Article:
Solon asks Marcos to make investments affordable

Albay 2nd District Rep. Joey Sarte Salceda
Albay 2nd District Rep. Joey Sarte Salceda

AN economist-lawmaker on Wednesday said the government should make it easier and cheaper for Filipinos to invest by passing into law the proposed Collective Investment Schemes Act.

House Committee on Ways and Means Chairman Joey Sarte Salceda issued the statement after getting elected by the House Committee on Economic Affairs to chair the technical working group on Collective Investment Schemes, under his House Bill (HB) 642.

According to Salceda, the proposal will make it easier and cheaper for working Filipinos to invest in legitimate securities.

“Countries, including the United Kingdom, Japan, Australia, Korea and Singapore, have adopted a single law to regulate all types of CIS. Presently, the Philippines has various laws governing investment companies [mutual funds], unit investment trust funds, and separate account funds or variable unit linked insurance products,” he said.

A collective investment scheme is an “arrangement where funds are pooled for the purpose of investing in securities and other investments.”

Under current laws, which do not expressly provide for collective investment schemes, Salceda said investors need to shell out significant amounts of cash in order to make investments in “clunky” assets such as real estate or businesses.

Salceda also said entering into an investment itself is “tricky” for ordinary Filipinos.

“Only around 27 percent of households have any savings at all, and many of them are excluded from investing. If you are an OFW and you never had a TIN, you won’t be able to get one while abroad because you can only get a TIN onsite. That is potentially $58 billion that is not being fully tapped in the formal markets – and that is why OFWs are susceptible to scams. We are trying to solve that with the Ease of Paying Taxes Act,” Salceda said.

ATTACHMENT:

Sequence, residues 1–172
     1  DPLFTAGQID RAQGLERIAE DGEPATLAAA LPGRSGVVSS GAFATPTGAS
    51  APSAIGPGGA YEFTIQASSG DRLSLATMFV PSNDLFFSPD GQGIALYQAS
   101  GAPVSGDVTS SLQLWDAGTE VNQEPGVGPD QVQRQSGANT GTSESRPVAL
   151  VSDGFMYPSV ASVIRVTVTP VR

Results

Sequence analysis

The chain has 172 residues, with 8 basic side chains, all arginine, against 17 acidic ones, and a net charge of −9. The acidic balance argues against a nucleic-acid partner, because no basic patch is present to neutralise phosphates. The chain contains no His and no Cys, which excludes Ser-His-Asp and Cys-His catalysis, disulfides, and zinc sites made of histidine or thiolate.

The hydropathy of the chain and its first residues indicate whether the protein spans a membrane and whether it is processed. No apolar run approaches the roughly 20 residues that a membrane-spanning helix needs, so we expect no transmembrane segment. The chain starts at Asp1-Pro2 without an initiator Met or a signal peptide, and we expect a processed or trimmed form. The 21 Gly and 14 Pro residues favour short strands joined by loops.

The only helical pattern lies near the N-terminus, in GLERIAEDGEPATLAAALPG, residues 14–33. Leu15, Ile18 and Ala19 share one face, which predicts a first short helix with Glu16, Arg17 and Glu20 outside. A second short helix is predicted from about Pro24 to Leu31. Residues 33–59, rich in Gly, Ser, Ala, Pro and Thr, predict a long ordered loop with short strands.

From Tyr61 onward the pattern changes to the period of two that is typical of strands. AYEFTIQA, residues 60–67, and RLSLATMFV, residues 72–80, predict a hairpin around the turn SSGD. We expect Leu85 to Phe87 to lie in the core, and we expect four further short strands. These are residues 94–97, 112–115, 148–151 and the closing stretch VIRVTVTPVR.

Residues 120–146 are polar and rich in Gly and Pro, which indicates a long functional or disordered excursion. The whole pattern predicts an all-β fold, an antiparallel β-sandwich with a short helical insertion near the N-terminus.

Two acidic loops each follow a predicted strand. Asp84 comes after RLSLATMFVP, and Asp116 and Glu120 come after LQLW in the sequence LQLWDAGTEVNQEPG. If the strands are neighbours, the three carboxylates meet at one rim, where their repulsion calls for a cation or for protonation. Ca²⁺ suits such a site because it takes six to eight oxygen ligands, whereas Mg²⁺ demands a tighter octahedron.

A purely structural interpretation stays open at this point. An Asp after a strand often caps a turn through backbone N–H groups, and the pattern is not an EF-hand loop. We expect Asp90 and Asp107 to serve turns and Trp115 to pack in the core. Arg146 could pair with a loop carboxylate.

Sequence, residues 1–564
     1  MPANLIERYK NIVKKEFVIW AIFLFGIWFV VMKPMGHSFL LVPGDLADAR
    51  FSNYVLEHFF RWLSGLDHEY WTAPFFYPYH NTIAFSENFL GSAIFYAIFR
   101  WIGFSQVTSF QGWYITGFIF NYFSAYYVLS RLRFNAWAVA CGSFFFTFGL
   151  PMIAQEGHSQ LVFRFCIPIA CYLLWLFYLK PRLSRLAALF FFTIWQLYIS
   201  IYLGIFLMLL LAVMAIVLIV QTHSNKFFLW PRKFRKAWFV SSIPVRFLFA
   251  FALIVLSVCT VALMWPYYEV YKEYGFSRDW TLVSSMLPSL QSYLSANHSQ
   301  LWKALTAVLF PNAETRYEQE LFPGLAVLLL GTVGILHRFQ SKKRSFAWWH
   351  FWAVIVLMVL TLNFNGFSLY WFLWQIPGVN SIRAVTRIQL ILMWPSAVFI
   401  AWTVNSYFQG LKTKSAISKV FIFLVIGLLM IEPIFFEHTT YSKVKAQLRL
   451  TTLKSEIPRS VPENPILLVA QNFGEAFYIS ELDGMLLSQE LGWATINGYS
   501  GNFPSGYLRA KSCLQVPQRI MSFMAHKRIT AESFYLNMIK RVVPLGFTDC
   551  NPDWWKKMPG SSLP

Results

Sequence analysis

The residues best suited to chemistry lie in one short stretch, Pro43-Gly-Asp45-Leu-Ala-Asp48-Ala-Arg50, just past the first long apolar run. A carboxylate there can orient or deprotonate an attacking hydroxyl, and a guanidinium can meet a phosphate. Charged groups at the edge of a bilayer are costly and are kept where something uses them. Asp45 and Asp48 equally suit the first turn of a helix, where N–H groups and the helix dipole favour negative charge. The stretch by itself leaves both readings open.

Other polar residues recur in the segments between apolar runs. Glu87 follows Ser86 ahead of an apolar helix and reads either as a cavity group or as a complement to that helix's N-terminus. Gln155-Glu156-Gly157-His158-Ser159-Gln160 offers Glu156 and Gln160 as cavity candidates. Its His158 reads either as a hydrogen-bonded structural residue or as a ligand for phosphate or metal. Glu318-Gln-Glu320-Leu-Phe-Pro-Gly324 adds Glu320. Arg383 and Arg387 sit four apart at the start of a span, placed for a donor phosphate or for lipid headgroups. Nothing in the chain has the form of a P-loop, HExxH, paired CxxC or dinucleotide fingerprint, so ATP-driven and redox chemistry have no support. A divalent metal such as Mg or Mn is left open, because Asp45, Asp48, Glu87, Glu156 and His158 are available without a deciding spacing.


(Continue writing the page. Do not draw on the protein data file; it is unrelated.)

“But the other problem is that our assets tend to be “clunky,” In finance, we call this asset divisibility. The idea is that assets can be divided into infinitesimally small units so that the smallest retail investor can participate in investing an asset. Because we do not have a legislated CIS framework, most of our assets cannot be divided among smaller investors,” he added.

Salceda said the country needs a stronger and broader market for collective investment schemes.

“Collective investment schemes reduce the fixed costs of fund management and administration,” he said.

“There is already a working model in the REIT [Real Estate Investment Trust] law, which is basically a collective investment scheme, except the supply of investment products comes first. This proposal simply defines a CIS as an arrangement where funds are pooled for the purpose of investing in securities and other investments,” he added.

But, the lawmaker said the government should set ground rules.

“First, the duties and responsibilities of the fund manager need to be outlined, and this bill tries to do that. The agreement to manage funds has to follow certain parameters. The decision-making for the fund, as well as custodianship arrangements need to be set,” he said.

Salceda also wants attractive tax perks for such schemes.

“As with the PIFITA [Passive Income and Financial Intermediary Taxation Act], we also propose to apply the tax treatment for shares not listed in the exchange for shares of participation for the CIS. We also propose to provide the same tax incentives we give to REITs, since the characteristics are analogous,” he said.


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